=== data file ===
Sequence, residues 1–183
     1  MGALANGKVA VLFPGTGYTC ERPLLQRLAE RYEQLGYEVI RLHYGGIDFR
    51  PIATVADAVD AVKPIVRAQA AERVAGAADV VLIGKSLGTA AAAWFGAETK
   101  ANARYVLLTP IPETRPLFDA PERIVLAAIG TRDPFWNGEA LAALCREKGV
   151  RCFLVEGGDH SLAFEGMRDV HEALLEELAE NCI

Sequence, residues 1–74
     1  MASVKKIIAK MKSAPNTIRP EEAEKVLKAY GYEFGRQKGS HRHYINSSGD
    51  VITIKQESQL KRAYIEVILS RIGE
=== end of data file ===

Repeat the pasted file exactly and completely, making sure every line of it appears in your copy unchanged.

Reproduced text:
Sequence, residues 1–183
     1  MGALANGKVA VLFPGTGYTC ERPLLQRLAE RYEQLGYEVI RLHYGGIDFR
    51  PIATVADAVD AVKPIVRAQA AERVAGAADV VLIGKSLGTA AAAWFGAETK
   101  ANARYVLLTP IPETRPLFDA PERIVLAAIG TRDPFWNGEA LAALCREKGV
   151  RCFLVEGGDH SLAFEGMRDV HEALLEELAE NCI

Sequence, residues 1–74
     1  MASVKKIIAK MKSAPNTIRP EEAEKVLKAY GYEFGRQKGS HRHYINSSGD
    51  VITIKQESQL KRAYIEVILS RIGE